1. Faith and Extremism

    When a native Brit goes to Middle East, he is called a voluntary fighter. When a Muslim goes there he is called a terrorist. Double standard by the British society. Also lot of British Jews went to Israel to fight but on their return no action was taken against them.

    The three Jihadi Muslim girls and the Jihadi John were in a wrong place at a wrong time in a non-Muslim school with non-Muslim teachers during their developmental periods. They suffer from identity crises. They are unable to enjoy the beauty of their literature and poetry. They were not radicalised at a non-Muslim school, says principal. But the school with non-Muslim teachers are responsible to create identity crises. Muslim children must be in state funded Muslim schools with Muslim teachers as role models during their developmental periods. There is no place for a non-Muslim child or a teacher in a Muslim school. Why should we be surprised? They have gone through a rotten education system where there is no consequences for anything and they have grown up in a rather pathetic, wet nation with a liberal criminal justice system which actually seems to view law upholding people with pure contempt. Jihadi John has been identified, tried and convicted by the media. Surely this would prejudice any criminal case against him. In my opinion, he was also radicalised by MI5. To stop radicalisation of teens we need to find out the cause. We will get no where if all we do is just condemn but to actually stop this we need to find the cause and stop immediately, that includes All the way from extremist imams to extremist family members AND the pressure and the factor some of the security forces have upon teens.

    Terror is the biggest business today at home and abroad. Everyone is a beneficiary. The government gets more clout and more powers over the lives of its hapless subjects through new terror laws and activation of old ones in an atmosphere where no one dares to question the motives of the politicians over the vital issue of “security”. Security forces get immunity for illegal acts and crimes for which they win medals, rewards, promotions and huge funds with no accountability attached.

    Newspapers and TV channels improve their circulation and ratings sensationalising real and imaginary terror stories with total impunity as no one would dare question their rightful concern for our safety and security.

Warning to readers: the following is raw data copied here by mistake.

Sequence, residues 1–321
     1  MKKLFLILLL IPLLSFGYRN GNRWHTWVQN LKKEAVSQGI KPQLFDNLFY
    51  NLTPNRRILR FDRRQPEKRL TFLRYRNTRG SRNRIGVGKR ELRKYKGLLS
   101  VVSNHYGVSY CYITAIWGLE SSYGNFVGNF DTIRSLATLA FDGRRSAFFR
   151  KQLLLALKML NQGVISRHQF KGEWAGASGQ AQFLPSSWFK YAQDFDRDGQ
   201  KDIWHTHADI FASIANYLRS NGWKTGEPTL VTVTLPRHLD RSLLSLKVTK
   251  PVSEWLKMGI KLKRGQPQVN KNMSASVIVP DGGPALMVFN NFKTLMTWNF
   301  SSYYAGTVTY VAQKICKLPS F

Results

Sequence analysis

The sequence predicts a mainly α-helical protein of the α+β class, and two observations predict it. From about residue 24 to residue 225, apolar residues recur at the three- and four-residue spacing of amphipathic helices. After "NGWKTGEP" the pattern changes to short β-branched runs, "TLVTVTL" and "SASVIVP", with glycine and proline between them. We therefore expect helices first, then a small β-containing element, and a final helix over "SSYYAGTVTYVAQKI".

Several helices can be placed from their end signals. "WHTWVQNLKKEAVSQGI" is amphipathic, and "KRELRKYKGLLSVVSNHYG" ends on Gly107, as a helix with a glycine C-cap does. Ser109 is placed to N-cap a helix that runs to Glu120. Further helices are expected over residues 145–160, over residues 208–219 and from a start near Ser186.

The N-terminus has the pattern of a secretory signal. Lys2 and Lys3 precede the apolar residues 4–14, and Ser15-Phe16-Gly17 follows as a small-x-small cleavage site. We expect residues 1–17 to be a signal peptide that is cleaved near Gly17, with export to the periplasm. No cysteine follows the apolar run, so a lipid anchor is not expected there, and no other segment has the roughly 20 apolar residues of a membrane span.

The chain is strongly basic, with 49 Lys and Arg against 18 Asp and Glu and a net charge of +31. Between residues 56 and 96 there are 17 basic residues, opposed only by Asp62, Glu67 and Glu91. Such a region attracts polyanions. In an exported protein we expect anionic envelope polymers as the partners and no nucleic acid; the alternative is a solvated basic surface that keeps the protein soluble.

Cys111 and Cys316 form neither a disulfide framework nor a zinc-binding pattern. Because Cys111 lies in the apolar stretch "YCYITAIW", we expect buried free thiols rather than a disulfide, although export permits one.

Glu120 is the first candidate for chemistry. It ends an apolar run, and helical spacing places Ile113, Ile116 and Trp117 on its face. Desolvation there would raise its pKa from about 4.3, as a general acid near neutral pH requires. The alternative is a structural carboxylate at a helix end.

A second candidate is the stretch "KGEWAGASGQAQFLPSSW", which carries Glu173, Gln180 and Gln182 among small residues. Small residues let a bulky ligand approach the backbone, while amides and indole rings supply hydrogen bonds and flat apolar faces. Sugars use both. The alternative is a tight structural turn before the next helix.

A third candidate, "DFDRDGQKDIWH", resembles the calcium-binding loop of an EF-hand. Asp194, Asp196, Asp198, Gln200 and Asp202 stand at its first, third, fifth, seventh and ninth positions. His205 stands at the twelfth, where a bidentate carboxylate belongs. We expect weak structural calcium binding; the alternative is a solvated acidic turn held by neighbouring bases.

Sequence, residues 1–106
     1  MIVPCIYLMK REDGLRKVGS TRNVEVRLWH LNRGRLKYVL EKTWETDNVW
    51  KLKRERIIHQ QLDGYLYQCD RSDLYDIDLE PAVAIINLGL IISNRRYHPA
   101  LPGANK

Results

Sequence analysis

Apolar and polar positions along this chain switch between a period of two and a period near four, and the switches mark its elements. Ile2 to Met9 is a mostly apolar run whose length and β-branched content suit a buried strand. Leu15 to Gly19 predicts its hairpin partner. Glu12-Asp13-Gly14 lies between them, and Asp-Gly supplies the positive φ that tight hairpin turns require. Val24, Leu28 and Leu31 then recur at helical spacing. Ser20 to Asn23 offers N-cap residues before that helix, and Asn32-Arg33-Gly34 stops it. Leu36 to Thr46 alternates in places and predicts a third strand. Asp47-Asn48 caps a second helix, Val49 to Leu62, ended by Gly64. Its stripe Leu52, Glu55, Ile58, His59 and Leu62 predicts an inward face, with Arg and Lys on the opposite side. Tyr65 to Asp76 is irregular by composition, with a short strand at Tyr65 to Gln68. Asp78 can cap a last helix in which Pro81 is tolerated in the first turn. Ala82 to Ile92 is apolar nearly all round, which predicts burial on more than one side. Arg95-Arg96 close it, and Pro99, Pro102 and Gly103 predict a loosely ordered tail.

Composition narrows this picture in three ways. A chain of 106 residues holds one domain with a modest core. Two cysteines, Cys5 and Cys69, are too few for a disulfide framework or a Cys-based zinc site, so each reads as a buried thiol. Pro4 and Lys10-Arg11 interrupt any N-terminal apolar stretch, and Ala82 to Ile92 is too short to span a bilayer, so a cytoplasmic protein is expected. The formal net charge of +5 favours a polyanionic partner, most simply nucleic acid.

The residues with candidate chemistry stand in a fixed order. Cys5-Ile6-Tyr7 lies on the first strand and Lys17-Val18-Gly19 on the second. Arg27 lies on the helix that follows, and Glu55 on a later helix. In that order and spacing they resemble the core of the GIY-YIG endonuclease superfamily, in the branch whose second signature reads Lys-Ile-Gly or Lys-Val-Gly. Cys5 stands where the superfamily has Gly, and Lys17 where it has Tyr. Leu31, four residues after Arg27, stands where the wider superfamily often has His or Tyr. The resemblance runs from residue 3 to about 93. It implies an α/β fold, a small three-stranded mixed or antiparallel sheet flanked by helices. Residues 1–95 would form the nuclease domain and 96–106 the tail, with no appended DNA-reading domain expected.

7/7 bombers have been radicalised in the context of racist schools rather than in Pakistan. Imams and Masajid are not the brainwashers of Muslim youths. It is state schools who have been mis-educating and de-educating Muslim children for the last 60 years. The media for the last 15 years have targeted Muslims as a threat to British life. Many of 9/11 and 7/7 attackers were not from the poor, down trodden, under-educated and alienated sectors of society but were well-educated, middle to upper class and from stable family backgrounds. Muslim youths suspected of carrying out blast across India, have not been educated in Madrassas but western qualified and had respectable jobs.

    The word Jihad means to struggle for some purpose. The fighting against the enemies is called “Qital”, and not Jihad. I have been engaged in Jihad for the last 35 years in the field of education for the Muslim children. Under Cover Masajid programme on Channel 4, the preachers were not promoting segregation or violence against non-Muslims. They were helping and teaching Muslim youths to develop Islamic Identity. The preaching was quoted out of context and the British media portrayed them as the enemies of the state. Imams and Masajid are providing valuable service to the Muslim community and none of them is a hub of hateful preaching and bigotry. In the west Muslims are treated as political poison. They are increasingly the target of a “shoot first and ask question latter” policy. Thousands of British Muslims are being searched in streets and hundreds of them are behind the bar without any trial. British teachers are being asked to monitor pupils behaviour, if they suspect teenagers are being drawn into violent extremism. Naturally, Muslim students would be victim of this policy rather tIn France Muslim girls are not allowed to cover their heads. This is called liberalism. During the time of Taliban in Afghanistan, women were forced to cover themselves and this is called extremism by the west. In Britain, Muslim women are allowed to cover themselves but there is an immense social, emotional and economic pressure, forcing them not to cover. West is the Mongols of our time. The new Mongols are far worse than the first one. This new Mongols are trying to destroy Islamic identity of the Muslim youths. A large number of them have changed their names and there is no shortage of ex-Muslims in the west. Ex-Muslim council receives state funding.